Amber Heard’s younger sister, Whitney Henriquez, alleged in court Wednesday that she saw actor Johnny Depp exert increasing control over her sister, restricting who she socialized with, what she wore and which jobs she took during their tumultuous relationship.
Heard’s legal team called Henriquez, 34, to the stand on the 18th day of Depp’s defamation trial against his ex-wife after multiple former friends of the couple said they witnessed abuse between them.
Depp, 58 is seeking $50 million from Heard, 36, over a Washington Post editorial she wrote with the American Civil Liberties Union in 2018 that implied he was a violent partner.
The “Pirates of the Caribbean” star has repeatedly denied that he was abusive, saying that Heard abused him.
Attempting to control a significant other is among the most common hallmarks of an abusive relationship, according to advocates for domestic violence survivors. Abusive behavior can include violent actions like smashing personal belongings, but also emotional and economic abuse that creates an isolating situation in which one partner has outsized dominance.
“At first, it would be, like, light jokes. You know, if she left the house wearing something, he’d be like, ‘Oh, you’re going to wear that?’” Henriquez told a panel of jurors in Virginia. She said “it just intensified” over time.
“Suddenly, they have the same stylist, and he had been essentially controlling what she wore to events and things like that. So she went from being able to wear whatever the hell she wanted, and then suddenly she’s wearing anything that her stylist ― his stylist ― wanted her to wear. And her style over time just got more and more conservative,” Henriquez said.
Heard made similar accusations during her own testimony earlier this month, saying that Depp would tell her she looked like a “whore” and did not like her baring skin.
According to Henriquez, the actor also became increasingly “protective” over the acting roles Heard took on until he had “a problem with her taking any sort of job or any sort of audition.”
“Then it became every time that she even thought about taking another movie, it was another fight,” Henriquez testified. “He would often say things like, ‘I don’t even understand why she even needs to work. I’ll take care of her. I’ll take care of you, I’ll take care of everyone, she doesn’t even need to work at all.’”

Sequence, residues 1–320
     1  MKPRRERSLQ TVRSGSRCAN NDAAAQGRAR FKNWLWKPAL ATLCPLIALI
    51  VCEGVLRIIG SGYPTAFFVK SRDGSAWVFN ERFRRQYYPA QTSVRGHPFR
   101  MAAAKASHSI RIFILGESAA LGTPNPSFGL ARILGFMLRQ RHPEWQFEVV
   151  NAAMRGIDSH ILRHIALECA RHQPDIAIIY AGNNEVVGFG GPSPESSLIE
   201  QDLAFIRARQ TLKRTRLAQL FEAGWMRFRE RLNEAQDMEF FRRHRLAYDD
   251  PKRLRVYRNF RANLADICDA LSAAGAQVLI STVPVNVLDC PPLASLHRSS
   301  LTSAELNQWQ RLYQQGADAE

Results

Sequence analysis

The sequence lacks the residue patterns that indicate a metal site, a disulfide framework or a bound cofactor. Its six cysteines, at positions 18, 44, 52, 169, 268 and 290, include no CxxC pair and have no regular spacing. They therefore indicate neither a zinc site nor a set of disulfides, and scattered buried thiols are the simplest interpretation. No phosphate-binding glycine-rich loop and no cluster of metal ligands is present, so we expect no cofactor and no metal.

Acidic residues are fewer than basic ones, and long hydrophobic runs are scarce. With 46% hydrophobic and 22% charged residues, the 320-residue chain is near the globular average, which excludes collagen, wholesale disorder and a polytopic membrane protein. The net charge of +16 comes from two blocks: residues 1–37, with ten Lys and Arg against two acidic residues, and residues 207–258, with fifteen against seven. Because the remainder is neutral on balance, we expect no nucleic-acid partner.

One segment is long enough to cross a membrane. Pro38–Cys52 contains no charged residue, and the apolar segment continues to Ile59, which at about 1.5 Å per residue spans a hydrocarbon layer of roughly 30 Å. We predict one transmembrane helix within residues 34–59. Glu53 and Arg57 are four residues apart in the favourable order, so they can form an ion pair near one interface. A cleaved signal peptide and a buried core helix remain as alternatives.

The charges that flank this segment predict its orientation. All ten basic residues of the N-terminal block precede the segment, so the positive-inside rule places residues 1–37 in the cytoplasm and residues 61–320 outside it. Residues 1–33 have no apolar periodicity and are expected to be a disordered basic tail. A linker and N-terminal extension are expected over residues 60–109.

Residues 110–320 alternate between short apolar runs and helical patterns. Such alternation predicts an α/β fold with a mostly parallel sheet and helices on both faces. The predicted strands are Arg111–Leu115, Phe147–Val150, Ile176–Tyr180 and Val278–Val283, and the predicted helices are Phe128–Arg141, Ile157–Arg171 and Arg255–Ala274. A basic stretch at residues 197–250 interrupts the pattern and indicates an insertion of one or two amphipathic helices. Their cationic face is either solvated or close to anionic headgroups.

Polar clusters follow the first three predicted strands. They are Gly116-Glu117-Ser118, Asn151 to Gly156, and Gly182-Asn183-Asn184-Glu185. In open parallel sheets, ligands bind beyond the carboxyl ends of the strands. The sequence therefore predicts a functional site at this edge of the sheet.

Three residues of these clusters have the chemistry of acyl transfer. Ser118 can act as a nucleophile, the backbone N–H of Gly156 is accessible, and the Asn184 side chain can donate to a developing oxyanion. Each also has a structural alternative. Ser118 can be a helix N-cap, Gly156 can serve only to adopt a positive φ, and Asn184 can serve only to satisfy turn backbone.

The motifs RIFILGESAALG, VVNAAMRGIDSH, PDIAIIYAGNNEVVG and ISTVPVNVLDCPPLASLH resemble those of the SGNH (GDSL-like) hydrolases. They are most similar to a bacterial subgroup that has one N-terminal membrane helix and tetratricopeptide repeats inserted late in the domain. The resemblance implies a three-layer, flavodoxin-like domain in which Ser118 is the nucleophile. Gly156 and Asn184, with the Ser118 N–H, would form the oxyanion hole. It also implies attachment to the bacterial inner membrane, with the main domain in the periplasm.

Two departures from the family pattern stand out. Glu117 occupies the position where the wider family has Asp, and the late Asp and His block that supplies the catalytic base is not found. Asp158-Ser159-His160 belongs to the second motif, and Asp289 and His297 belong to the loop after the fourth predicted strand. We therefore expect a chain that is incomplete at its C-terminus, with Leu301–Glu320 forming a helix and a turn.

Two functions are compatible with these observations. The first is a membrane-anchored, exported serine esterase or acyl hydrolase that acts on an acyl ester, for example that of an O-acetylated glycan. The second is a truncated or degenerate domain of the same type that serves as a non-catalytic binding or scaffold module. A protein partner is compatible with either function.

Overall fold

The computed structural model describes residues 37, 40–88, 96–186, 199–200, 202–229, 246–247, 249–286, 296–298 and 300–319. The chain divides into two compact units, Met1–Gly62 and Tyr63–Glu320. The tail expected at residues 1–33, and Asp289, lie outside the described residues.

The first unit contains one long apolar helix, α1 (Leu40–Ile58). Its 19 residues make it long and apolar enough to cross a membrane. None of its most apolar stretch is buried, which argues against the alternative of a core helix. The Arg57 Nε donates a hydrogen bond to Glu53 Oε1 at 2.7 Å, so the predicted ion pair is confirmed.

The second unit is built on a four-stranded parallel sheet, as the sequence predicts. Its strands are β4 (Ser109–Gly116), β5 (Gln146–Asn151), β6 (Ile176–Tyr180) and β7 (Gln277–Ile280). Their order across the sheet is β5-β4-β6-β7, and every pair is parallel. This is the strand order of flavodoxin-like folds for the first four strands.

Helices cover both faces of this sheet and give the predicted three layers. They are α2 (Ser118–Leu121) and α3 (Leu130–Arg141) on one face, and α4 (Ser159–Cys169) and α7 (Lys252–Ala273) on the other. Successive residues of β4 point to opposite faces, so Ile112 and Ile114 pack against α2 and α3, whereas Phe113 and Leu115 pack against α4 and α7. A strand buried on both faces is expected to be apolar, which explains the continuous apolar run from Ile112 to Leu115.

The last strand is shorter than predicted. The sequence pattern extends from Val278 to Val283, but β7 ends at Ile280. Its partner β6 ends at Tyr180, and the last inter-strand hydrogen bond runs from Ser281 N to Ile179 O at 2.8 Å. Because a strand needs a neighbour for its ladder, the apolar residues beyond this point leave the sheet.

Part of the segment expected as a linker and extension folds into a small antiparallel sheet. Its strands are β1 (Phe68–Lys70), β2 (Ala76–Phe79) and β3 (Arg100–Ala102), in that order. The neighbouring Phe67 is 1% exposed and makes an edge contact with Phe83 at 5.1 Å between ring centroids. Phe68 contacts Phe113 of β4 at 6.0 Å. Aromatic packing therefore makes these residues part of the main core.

Depp was generous with properties he owned, inviting Heard’s sister and several friends to stay in a collection of adjoining penthouses in downtown Los Angeles. But Henriquez said that he “took issue” with various people over the years and allegedly prevented Heard from seeing them.
“Over time, she had such a small network of people that were there to support her, it was hard to watch,” Henriquez said. Depp eventually had a problem with Henriquez, she added, prompting her to move out.
Henriquez testified that, unlike others who knew the couple, she had witnessed physical violence, describing a fight in which Depp “grabbed Amber by the hair with one hand and was whacking her repeatedly in the face with the other.”
A friend who later fell out of Depp’s good graces, iO Tillett Wright, said in a videotaped deposition played in court Tuesday that he never saw Depp strike Heard, but did see him throw glasses and bottles in her direction. Both actors were verbally abusive to one another, Wright testified.
Another friend who lived in the penthouses while Depp and Heard were married, Joshua Drew, alleged in his taped deposition that he’d seen the aftereffects of the couple’s fights ― smashed ceramics, spilled wine, trashed clothing racks. In one alleged incident, Depp directed his anger toward Drew.
“He came in, caught eyes with me right away and beelined for me, screaming, cursing, spitting in my face,” Drew said, adding that the actor’s words were “gibberish” and that he appeared either drunk or high. Flanked by two bodyguards, Depp got within a foot of Drew’s face, he said, calling it “close enough for it to be aggressive.”
Heard’s team is expected to call Depp to the stand once more before closing arguments are made later this month.
Need help? In the U.S., call 1-800-799-SAFE (7233) for the National Domestic Violence Hotline.